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FCMC: Latvian banks getting rid of high-risk shell corporations quickly – their share in bank deposits has shrunk to 0.5 percent

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03.07.2018

Press Release 

 

FCMC: Latvian banks getting rid of high-risk shell corporations quickly – their share in bank deposits has shrunk to 0.5 percent 

 

The Financial and Capital Market Commission (hereinafter – the FCMC) collects on a regular basis data on the performance of the Latvian banking sector as regards the cleansing the bank customer base itself of so-called shell corporations bearing at least two characteristics of shell corporations under regulatory requirements. Since March – April the number of such corporations has become extremely scarce, and at present the shell corporations with which business relations are to be terminated account for about 0.5 percent of total customer base. 

 

To ensure the management of required changes in the Latvian financial sector, amendments to the Law on the Prevention of Money Laundering and Terrorism Financing (hereinafter – the AML Law) came into effect on 9 May 2018, imposing on market participants in Latvia an obligation within 60 days to cease business relation with the companies bearing at least two characteristics of shell corporations – lack of proof of real economic business activity (of no economic value) and lack of requirement to submit annual financial statements. The above amendments took effect on 9 May 2018; consequently, their 60-day deadline is 7 July 2018. 

 

FCMC Chairman Pēters Putniņš: "At this moment we can say with confidence that the Latvian banks have addressed this task with a great sense of responsibility, the process runs dynamically and the deadline of it will be met. In line with the purpose of law the situation has been improving day by day – risky money along with these shell corporations are leaving the Latvian financial sector. It should be noted that the banks, as a sign of goodwill, had already earlier started self-cleaning process related to the assessment of shell corporations. Today, the number of deposits by those shell companies with whom business is not prohibited, has also declined substantially; consequently, the total amount of shell companies' deposits in Latvian banks has shrunk by more than 50 percent over this year."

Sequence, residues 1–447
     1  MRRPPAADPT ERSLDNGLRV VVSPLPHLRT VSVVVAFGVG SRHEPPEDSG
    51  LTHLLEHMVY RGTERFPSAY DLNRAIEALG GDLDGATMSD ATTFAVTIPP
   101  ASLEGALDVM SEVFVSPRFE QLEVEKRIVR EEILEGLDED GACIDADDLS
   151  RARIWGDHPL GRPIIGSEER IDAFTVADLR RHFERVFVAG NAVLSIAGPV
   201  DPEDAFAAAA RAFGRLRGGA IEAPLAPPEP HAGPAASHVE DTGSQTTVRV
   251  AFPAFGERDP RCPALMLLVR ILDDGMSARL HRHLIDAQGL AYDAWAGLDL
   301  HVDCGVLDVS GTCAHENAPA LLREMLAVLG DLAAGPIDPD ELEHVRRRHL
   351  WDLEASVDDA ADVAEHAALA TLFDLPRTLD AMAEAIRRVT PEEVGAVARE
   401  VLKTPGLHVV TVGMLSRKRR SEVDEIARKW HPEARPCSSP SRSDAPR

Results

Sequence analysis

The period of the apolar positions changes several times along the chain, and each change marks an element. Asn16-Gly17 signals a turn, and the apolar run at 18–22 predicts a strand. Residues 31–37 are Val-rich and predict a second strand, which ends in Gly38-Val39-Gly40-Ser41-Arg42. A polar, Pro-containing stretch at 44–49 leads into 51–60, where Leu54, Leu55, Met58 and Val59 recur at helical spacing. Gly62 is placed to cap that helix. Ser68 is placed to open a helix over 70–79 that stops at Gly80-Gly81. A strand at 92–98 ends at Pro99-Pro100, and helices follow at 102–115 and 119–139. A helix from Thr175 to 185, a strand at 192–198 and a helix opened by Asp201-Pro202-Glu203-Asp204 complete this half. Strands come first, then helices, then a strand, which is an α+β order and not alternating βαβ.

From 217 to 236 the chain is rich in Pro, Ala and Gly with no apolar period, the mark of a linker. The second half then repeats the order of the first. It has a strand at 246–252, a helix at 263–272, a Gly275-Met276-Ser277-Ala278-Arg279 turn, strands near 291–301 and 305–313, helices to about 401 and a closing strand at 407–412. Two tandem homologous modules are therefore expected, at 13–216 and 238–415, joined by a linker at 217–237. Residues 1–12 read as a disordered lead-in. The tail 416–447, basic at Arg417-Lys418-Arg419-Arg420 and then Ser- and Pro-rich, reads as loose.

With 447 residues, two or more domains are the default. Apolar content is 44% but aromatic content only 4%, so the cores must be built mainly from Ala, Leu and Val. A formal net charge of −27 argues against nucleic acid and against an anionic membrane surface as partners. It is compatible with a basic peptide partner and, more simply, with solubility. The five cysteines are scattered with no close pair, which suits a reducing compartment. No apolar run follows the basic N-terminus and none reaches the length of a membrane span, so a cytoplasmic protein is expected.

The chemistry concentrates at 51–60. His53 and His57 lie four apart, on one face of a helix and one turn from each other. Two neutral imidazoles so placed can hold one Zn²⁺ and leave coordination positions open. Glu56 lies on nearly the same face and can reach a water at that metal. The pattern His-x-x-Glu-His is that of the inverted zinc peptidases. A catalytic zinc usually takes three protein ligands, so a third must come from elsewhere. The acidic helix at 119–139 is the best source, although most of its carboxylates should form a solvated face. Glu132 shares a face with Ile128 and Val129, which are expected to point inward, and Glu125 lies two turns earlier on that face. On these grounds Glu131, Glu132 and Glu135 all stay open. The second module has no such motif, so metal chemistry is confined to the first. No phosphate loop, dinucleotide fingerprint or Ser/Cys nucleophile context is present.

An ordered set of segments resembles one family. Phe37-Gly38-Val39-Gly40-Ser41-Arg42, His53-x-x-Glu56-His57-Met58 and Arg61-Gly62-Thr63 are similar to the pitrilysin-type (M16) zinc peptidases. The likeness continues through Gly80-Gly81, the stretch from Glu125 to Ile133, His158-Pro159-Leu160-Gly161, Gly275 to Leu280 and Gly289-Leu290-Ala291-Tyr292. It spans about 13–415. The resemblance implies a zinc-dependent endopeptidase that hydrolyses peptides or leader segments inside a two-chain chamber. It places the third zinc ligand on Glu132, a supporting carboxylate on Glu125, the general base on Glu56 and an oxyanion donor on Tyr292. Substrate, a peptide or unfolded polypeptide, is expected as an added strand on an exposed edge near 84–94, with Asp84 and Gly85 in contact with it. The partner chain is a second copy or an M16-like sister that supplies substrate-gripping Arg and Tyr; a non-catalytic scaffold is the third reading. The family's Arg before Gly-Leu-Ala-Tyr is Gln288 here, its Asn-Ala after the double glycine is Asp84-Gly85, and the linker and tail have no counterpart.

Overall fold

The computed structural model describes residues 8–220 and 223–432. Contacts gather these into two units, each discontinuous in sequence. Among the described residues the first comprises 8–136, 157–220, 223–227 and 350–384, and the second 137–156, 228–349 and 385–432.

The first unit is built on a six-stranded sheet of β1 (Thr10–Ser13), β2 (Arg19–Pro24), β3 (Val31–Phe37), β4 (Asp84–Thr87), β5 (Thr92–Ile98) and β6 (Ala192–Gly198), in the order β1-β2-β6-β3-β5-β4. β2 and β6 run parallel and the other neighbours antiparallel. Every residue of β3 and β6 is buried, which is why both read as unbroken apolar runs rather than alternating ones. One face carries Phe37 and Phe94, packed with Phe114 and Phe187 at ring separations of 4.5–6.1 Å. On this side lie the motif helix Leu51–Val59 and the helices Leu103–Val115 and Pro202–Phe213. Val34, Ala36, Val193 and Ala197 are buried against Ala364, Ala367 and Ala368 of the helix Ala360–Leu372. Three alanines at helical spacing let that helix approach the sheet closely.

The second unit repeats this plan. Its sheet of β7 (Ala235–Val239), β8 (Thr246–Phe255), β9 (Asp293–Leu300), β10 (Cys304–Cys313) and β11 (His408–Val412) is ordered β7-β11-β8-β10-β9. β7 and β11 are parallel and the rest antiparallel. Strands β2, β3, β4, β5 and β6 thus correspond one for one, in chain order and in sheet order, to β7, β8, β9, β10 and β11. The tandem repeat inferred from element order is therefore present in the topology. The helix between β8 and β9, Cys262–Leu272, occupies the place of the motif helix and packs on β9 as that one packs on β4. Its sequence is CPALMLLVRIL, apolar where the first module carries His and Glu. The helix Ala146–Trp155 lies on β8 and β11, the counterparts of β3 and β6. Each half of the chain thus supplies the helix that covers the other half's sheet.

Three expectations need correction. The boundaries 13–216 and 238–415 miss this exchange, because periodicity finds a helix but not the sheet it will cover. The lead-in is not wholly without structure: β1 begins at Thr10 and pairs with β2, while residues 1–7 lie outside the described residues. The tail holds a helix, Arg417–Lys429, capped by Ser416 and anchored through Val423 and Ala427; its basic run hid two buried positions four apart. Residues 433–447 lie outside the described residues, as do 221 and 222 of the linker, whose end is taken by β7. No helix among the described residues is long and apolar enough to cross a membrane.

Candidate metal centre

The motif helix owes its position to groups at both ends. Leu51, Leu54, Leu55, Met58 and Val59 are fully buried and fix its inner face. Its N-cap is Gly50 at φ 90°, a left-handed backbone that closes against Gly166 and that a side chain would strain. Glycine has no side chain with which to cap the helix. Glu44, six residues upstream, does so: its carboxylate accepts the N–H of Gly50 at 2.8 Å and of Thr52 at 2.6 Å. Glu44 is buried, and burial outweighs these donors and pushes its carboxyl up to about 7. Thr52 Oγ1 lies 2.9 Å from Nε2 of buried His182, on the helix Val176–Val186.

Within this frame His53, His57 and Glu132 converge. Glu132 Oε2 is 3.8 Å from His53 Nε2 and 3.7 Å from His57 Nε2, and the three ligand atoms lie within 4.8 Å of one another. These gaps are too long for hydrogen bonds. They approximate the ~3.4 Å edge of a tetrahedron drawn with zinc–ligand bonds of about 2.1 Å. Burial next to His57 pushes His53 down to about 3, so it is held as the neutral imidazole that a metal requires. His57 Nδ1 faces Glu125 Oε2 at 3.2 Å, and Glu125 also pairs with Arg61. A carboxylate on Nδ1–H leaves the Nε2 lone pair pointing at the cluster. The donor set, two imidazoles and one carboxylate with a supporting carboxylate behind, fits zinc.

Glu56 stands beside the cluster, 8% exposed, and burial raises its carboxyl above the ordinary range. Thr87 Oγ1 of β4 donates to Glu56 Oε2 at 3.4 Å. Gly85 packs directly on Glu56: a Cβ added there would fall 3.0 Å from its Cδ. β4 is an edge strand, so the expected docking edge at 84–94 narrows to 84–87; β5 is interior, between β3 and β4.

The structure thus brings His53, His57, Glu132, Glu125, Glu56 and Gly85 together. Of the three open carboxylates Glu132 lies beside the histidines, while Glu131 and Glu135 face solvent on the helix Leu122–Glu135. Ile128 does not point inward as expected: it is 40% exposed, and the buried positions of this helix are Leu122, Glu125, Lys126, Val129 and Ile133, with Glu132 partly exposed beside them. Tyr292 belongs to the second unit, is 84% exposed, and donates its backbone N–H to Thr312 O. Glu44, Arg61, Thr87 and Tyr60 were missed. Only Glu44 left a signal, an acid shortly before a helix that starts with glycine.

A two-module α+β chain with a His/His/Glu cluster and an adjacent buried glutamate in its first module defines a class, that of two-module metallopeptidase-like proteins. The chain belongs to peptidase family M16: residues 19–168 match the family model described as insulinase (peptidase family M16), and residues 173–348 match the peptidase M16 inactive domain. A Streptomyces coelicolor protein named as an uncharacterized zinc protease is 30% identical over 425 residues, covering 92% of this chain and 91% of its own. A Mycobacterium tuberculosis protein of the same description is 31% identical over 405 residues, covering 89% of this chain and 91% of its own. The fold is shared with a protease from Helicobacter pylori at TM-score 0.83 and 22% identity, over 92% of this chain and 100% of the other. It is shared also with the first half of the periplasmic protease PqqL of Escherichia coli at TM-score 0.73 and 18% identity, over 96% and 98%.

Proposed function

Most of the Latvian banks have already completely discontinued business with companies bearing two of above characteristics. The process of changes in the financial sector, commenced two years ago, giving up high-risk clients and their deposits (not only shell corporations), has been still continuing. The Latvian banks are changing their client structure by in-depth analysis of their client risk profile, and getting rid of high-risk clients, where necessary. At the end of June, the share of foreign client deposits in the Latvian banks was 28% (excluding ABLV Bank AS – 22% percent), this is an unusual state of affairs for the Latvian financial sector. 

 

Putniņš: "This has been a notable reduction in the share of foreign customer deposits, and we must appreciate our banking sector that has succeeded to act professionally and peacefully, keeping the processes under control and avoiding redundant shocks. Besides, a considerably high liquidity ratio has been still retained, and this in a way is a positive statement of supervisory efforts exerted by the FCMC over past years, requesting higher operational ratios for the foreign bank segment. These requirements have now paid-off. The required level of 5 percent threshold for the risky CIS countries' deposits will be reached in a couple of months. We will also examine the beneficiaries' base for deposits qualified as "other countries". If we find a large share of CIS beneficiaries in this segment, additional assessment and negotiations with banks will follow to prevent hiding of CIS clients behind other jurisdictions.”

 

The geographical structure of deposits demonstrates that domestic deposits are dominating in Latvia with 71 percent of the deposit portfolio, European Union (EU) deposits account for 12 percent, other countries' deposits – 11 percent, whereas CIS countries' deposits have shrunk to 6 percent.

 

In total, the outflow of foreign deposits over past two years has exceeded 5 billion euro. According to the FCMC's estimates by the end of this year the foreign customer deposits are likely to make up around 3.5 billion euro, or 20 percent of total deposits in Latvian banks. 

 

Additional information:

AML Law; Transitional Provisions 32:

32. Credit institutions, payment institutions, electronic money institutions, investment firms and — in relation to the individual portfolio management and distribution of UCITS fund certificates — also investment management companies shall terminate business relation and incidental transactions with the clients — shell corporations that conform to characteristics defined in Article 1 (15.1), sub-clauses a) and b) hereof within 60 days of the entry into force of Article 21.1 of this law.

(Wording of 26 April 2018, became effective on 9 May 2018)

 

Further information:

Ieva Upleja 

Head of FCMC Communications Division 

Phone: + 371 67774807; e-mail: ieva.upleja@fktk.lv

 

www.fktk.lv, www.klientuskola.lv, Twitter.com/FKTK_LV

 

INFOGRAFIKA_2015-2018_FINAL_ENG_03_07.pdf

[INFOGRAPHICS on developments in deposit structure of Latvian banking sector]